Dadri Lynching and the idea of Hindu Raj project

4 Oct. It is a spine-chilling incident – the Dadri lyncing.

On 28 September 2015, all hell broke lose in Greater Noida of Uttar Pradesh, India’s most populous state. The North Indian state has more people on its territory than most of Europe put together. But not peace and prosperity.

The most troubled state of India has seen many a communal riot inflamed by unscrupulous political parties. In the recent past, it experienced a major conflagration in September 2013, after a sanitation was killed in early September. Before that in June of the same year, a dalit (SC) girl was gang-raped, and tension erupted.

Later in late August, two upper caste (Jats) Hindus were killed, besides a minority community man and a police. That gave a definite twist to the incident. Politics took control of the fragile situation, in stead of law and order taking the control. The right wing political outfit (which now rules at the Centre) BJP called for a ‘bundh’ (forced closure of the state) and rioters had a  field day. Army was called in to enforce law and order, but not before at least 19 minority community members lost their lives to fake-revenge killings. Such a large scale of massacre and deployment of army had not been seen since 1992, when the BJP veteran LK Advani led a divisive Rath Yatra demanding the construction of a Ram temple on the Babri masjid site, and his band of unemployed youth climbed to top of the 16th century mosque, and demolished it. And India witnessed one of the biggest and nation-wide riots since Indo-Pak partition, 1947, that ripped the country apart eternally.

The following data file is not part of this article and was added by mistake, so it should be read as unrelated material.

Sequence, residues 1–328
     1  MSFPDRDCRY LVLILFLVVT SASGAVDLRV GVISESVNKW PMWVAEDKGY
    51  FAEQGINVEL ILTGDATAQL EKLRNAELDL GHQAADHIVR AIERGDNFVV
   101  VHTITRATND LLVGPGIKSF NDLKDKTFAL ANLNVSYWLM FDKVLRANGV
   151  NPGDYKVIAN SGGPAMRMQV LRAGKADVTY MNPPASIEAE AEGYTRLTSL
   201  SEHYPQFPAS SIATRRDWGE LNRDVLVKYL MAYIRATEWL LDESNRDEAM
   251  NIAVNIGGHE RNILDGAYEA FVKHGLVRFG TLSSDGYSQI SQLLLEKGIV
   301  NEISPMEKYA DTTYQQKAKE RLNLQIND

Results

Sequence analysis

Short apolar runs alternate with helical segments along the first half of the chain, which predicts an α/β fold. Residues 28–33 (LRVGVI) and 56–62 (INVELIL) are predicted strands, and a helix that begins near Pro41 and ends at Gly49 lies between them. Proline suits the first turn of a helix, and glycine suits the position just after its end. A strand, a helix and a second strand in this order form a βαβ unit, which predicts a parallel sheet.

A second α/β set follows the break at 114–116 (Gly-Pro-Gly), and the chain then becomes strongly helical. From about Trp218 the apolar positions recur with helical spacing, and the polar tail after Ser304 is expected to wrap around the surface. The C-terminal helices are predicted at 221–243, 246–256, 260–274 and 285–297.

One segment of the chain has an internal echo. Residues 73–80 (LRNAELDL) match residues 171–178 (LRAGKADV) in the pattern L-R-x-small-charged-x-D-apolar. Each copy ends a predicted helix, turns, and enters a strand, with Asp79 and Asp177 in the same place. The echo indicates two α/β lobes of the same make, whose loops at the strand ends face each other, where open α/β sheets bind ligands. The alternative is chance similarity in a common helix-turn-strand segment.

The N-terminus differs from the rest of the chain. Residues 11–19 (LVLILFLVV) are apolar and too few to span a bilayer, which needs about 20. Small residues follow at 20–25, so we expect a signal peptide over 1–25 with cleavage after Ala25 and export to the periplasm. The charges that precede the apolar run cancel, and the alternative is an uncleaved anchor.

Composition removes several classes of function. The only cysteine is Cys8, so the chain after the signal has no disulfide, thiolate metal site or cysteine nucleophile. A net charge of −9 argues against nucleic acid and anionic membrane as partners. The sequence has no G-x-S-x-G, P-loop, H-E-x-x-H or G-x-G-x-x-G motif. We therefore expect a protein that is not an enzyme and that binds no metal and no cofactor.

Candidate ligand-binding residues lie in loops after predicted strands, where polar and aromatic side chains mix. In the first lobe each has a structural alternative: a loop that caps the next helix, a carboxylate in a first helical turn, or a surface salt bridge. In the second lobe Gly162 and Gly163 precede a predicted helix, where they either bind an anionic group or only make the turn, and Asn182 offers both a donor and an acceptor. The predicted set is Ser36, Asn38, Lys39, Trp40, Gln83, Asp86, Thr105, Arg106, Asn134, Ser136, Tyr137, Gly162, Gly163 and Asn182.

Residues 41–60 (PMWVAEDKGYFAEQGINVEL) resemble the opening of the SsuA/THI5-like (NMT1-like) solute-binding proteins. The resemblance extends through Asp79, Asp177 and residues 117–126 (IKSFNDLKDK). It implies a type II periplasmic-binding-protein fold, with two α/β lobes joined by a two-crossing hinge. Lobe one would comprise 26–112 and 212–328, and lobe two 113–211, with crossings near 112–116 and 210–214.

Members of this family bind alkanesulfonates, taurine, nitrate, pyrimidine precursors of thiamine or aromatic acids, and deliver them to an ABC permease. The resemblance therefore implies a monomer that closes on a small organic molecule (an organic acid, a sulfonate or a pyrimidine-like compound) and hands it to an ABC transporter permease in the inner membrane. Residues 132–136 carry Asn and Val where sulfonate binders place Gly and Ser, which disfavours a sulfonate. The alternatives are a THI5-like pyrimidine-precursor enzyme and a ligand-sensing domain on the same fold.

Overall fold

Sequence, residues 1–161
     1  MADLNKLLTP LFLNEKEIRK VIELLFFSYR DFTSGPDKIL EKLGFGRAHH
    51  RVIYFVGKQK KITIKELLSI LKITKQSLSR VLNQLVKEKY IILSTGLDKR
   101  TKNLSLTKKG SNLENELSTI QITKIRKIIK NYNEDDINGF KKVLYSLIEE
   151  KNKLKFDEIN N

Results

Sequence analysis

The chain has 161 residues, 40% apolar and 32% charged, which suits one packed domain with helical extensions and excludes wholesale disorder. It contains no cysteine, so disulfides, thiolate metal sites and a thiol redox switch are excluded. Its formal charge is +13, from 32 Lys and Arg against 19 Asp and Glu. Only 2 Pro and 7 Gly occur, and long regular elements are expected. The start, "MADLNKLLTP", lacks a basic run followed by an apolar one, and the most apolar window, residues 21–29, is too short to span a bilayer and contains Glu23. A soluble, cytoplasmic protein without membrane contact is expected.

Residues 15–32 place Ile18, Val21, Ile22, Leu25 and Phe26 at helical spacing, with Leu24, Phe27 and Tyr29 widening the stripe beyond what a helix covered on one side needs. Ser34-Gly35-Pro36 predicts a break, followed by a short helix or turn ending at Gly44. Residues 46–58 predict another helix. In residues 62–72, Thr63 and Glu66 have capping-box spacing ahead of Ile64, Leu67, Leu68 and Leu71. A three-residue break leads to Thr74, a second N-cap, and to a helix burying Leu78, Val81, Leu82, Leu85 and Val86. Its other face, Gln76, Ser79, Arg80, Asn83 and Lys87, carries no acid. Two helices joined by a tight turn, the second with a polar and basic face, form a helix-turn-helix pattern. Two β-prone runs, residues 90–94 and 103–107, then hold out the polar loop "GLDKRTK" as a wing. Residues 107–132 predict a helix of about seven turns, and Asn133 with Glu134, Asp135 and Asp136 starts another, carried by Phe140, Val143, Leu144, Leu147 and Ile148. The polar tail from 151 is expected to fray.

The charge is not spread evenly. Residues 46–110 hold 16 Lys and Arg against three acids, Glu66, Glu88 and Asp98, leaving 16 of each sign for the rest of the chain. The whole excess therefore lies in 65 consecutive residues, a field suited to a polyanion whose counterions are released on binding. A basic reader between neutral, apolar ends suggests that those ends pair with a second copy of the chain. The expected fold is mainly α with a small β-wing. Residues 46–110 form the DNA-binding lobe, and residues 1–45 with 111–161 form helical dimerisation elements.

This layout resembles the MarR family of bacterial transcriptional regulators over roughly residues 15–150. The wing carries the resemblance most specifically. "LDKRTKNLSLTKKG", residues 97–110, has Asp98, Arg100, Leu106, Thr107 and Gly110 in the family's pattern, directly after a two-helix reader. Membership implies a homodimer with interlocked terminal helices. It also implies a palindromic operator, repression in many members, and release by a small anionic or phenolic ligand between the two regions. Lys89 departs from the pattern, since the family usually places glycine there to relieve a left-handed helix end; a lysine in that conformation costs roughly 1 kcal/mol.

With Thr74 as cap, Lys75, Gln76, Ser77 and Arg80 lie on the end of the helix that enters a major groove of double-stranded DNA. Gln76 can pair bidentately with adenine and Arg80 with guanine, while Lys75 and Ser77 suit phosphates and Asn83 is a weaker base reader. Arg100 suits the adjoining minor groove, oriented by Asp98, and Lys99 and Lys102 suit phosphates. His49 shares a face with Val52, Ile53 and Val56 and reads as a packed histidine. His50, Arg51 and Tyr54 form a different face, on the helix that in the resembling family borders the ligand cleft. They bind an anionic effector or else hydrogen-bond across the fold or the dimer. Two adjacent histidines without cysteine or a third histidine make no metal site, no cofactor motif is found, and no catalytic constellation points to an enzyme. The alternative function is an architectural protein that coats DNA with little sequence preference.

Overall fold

In this state of Uttar Pradesh, which has a history of volatile peace and tensions between upper castes and lower castes as well as caste Hindus and minority Muslims, there is an elected government, led by a young, inexperienced, incompetent Akhilesh Yadav (son of the former SJP supremo and MP Mulayam Singh Yadav, who still remote-controls the UP politics). And, true to its history, not just UP social bonds are volatile, even politics and law and order situation are equally volatile.

But that state is extremely important for any politician in India. The state alone sends 80 MPs to the Indian Parliament – more than any two biggest states put together. Hence, every politician wants to fish in these troubled waters.

It is no doubt that even sleeping Indian politicians have an eye open on UP.

According to media reports on Sunday 04 Oct, Vishal, the main accused son of a BJP legislator in UP forced a Dadri temple priest to announce that Mohammad Akhlaq had beef stored in his house.  With this all hell broke lose. A mob of around 200 people attacked Akhlaq’s house and started beating him up.He was murdered in cold blood in the one-sided attack. His younger son Danish was critically injured, and is still battling for life in a hospital. His elder son is serving the Indian air force.

The police -seemingly- have sent the meat found in the house for testing. God alone knows where – the state does not seem to be having testing facilities (remember Sunanda Puskar’s testing? Had to be sent to the USA!). In truth, it happened to be mutton, and not beef!

Unfortunately, in India, it is alright to kill helpless human beings, but not cows! Not even sick cows. That is the state of sickness and blindness.

The UP state administration has been slow to take any action. The central government led by the vocal Narendra Modi, has remained completely dumb. Not a word. Or, rather, a BJP MP and minister Mahesh Sharma (with a record for communal incitement) called it an ‘accident’, giving a clean chit to the blind mob, allegedly incited by a BJP leader’s son.  Rajnath Singh, the Union Home Minister accused his political opponents of giving it a communal tinge, when actually it is a communal attack on a helpless family. Another BJP MP openly justified  the attack on Akhlaq. Yet another fire-brand VJP leader and MP Sadhwi Prachi, known for highly communal, utterances, justified the killing in crude words, unbecoming of any civil society. But no action has been taken against anyone, so far!